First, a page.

REVIEW: Covenhoven “IV”


My last concert before the whole shut down in March 2020 was Colorado-based musician Joel Van Horne. Performing with his band as Covenhoven, the artist’s show was an intimate affair at Denver’s Mercury Cafe where we all found ourselves a bit unsure whether we were supposed to be enjoying, well, anything, especially in a group setting. Thanks to Van Horne and his bandmates that evening, it ended up being a beautiful memory before several months of bleakness. However, it turns out that Van Horne kept quite busy during the ensuing 15 months, writing new songs and collaborating with a sizable bunch of Colorado’s best players. The result is Covenhoven’s latest album, IV, a record that pushes Van Horne’s sound to bigger, bolder places.

Colorado’s music scene has a very DYI feel (I’ve lived in the state for nine years), and Van Horne has embraced that approach over three albums and two EPs – he even chose to name “Covenhoven” after a cabin his grandfather built, which has since become a retreat for him to write and record. And, if there is such a thing as a modern-day “Colorado sound,” Covenhoven embodies it – guitars, keys, a few strings and a little synth, all layered over introspective lyrics and an overall feel worthy of a mountain vista. The lead track (and second single), “Everything I Said Yesterday,” is a reminder that words can’t be pulled back and lost time can’t be retrieved – “Everything I said yesterday/Is sh!t I would never say/To you now” – backed by a lovely piano line. “Everything In Between,” the first single released, is one of several tracks in which Van Horne examines his relationship with religion – “The second son of a preacher’s daughter/I was raised on holy hymns/But I never tasted the holy water/Or felt it wash away my sins” – and finds more solace in the presence of nature than the promise of heaven. Many tracks on IV feature Van Horne’s layered vocals, but here, he goes with a full chorus of Julie Davis, Kramer Kelling, Hunter Burnette and Sydney Clapp, and the resulting powerful harmonies bolster the religious twist in the song.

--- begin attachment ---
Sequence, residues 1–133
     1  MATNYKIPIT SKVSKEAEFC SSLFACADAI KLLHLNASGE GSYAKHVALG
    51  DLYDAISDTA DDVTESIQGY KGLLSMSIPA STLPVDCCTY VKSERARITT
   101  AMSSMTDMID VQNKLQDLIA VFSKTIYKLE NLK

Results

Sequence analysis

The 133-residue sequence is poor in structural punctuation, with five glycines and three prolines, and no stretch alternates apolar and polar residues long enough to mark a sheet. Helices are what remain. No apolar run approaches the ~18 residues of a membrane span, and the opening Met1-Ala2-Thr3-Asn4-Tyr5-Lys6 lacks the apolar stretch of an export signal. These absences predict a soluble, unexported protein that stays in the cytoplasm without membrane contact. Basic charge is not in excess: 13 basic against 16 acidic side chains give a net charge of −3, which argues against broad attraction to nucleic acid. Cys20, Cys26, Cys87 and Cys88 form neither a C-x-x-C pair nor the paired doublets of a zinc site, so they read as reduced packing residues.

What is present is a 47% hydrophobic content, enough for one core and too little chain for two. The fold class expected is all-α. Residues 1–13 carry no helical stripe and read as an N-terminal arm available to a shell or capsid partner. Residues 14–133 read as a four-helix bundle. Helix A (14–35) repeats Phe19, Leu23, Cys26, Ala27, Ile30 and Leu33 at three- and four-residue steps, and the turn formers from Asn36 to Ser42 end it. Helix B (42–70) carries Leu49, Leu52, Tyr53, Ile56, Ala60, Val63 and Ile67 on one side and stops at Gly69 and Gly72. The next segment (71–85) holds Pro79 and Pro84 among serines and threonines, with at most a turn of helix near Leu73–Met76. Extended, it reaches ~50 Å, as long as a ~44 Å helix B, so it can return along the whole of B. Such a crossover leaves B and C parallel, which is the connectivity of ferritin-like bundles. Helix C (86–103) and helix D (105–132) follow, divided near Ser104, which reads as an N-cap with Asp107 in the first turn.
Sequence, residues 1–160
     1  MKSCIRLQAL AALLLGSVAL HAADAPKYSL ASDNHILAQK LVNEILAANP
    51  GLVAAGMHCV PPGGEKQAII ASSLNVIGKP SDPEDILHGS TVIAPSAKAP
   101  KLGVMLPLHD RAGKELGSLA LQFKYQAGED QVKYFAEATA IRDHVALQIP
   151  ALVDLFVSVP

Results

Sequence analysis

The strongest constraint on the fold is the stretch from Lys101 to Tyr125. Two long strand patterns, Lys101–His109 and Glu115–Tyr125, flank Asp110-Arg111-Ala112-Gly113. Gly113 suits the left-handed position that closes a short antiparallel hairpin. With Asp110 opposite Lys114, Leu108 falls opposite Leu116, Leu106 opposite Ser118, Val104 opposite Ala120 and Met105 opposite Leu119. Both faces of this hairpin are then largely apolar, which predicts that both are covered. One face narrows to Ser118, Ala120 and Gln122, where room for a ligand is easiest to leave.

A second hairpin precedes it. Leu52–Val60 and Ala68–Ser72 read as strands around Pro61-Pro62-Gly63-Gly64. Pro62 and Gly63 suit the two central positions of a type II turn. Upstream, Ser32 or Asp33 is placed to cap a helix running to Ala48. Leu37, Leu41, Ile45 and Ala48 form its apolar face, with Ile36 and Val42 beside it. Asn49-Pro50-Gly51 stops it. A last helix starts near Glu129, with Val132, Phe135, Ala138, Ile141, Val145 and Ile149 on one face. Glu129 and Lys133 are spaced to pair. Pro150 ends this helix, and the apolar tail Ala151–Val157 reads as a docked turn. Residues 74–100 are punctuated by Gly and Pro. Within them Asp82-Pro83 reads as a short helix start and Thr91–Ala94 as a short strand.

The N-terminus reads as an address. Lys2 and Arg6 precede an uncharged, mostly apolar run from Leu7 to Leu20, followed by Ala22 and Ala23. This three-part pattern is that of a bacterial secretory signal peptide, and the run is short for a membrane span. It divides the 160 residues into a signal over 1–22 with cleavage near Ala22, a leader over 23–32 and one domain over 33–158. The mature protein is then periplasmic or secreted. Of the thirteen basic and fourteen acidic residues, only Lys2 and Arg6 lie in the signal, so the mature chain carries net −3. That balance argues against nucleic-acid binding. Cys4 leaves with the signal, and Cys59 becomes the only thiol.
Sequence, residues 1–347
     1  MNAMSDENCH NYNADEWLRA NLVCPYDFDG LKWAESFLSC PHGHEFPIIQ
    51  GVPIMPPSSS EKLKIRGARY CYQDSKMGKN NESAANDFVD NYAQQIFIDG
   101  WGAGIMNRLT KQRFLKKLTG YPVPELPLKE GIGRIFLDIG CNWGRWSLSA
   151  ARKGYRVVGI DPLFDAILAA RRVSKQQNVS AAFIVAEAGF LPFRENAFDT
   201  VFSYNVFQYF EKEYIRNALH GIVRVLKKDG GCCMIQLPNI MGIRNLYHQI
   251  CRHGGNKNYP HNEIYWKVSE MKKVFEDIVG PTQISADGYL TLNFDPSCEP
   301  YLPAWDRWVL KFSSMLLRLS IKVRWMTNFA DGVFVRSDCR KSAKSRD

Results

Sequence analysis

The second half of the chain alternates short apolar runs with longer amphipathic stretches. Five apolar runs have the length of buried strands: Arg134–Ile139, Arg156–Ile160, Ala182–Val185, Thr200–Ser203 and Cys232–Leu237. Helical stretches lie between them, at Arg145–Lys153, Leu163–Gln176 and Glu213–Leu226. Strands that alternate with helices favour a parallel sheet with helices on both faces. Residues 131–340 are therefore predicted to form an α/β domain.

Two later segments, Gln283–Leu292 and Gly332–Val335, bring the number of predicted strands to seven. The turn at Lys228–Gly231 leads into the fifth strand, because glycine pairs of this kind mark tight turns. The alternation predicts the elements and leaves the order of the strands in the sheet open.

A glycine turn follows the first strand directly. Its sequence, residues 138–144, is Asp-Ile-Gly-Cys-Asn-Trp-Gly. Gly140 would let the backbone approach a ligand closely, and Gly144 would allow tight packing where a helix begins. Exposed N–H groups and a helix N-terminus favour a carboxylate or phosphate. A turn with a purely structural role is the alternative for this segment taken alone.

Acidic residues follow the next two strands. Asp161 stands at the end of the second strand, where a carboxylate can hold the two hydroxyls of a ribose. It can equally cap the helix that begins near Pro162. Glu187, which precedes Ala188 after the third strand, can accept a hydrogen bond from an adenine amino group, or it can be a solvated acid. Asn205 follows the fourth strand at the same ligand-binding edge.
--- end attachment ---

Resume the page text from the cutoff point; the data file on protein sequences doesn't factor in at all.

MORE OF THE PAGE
One of the most well-known Colorado artists working today, Gregory Alan Isakov, also appears on IV. The South African-born, Boulder-based singer contributes vocals to “The Last One Click” and “Nothing Left to Be.” The latter also features Denver’s Megan Burtt and once again places Earthly existence over the after-life – “It’s a long way from here to Heaven/And there’s a garden here that still needs tendin’.” “I Was Salt, You Were The Sea” is a song of perceived longing – “And right beside you/There’s a me-shaped hole/That’s been pulling you sideways.” However, it’s the narrator who comes around to what he’s missing, as he goes from “Say you want to stay/I could use the company” to “I need you next to me.” “Monterey ” is the rarest of treats, a downbeat (but not without hope) driving song – slowly building tension before cresting and fading away with a plaintive organ part. The album, as a whole, recalls another line from “Nothing Left to Be.” Over strings and his small chorus of friends, Van Horne sings, “There’s nothing left to be but beautiful.” In making subtly, but undeniably, beautiful music, Van Horne and Covenhoven are doing their part.

Song I Can’t Wait to Hear Live: “Monterey” – something about a road trip in hopes of setting things right always gets me.

IV was produced by Joel Van Horne and Ben Wysocki, mixed by Andrew Berlin and mastered by Jim Wilson. All songs were written by Van Horne. Additional musicians include Wysocki (drums, percussion, piano), Carl Sorensen (drums, percussion), Kramer Kelling (bass, vocals), Jeb Bows (violin), Adrienne Short (violin), Emily Lewis (viola), Graham Olson (cello), Luke Mossman (guitar) and Julie Davis, Hunter Burnette, Sydney Clapp, Gregory Alan Isakov, Jesse Van Horne, Corrie Van Horne and Megan Burtt (vocals).

Go here to order IV (out October 15):

Check out tour dates here:


1 thought on “REVIEW: Covenhoven “IV”

Leave a Reply!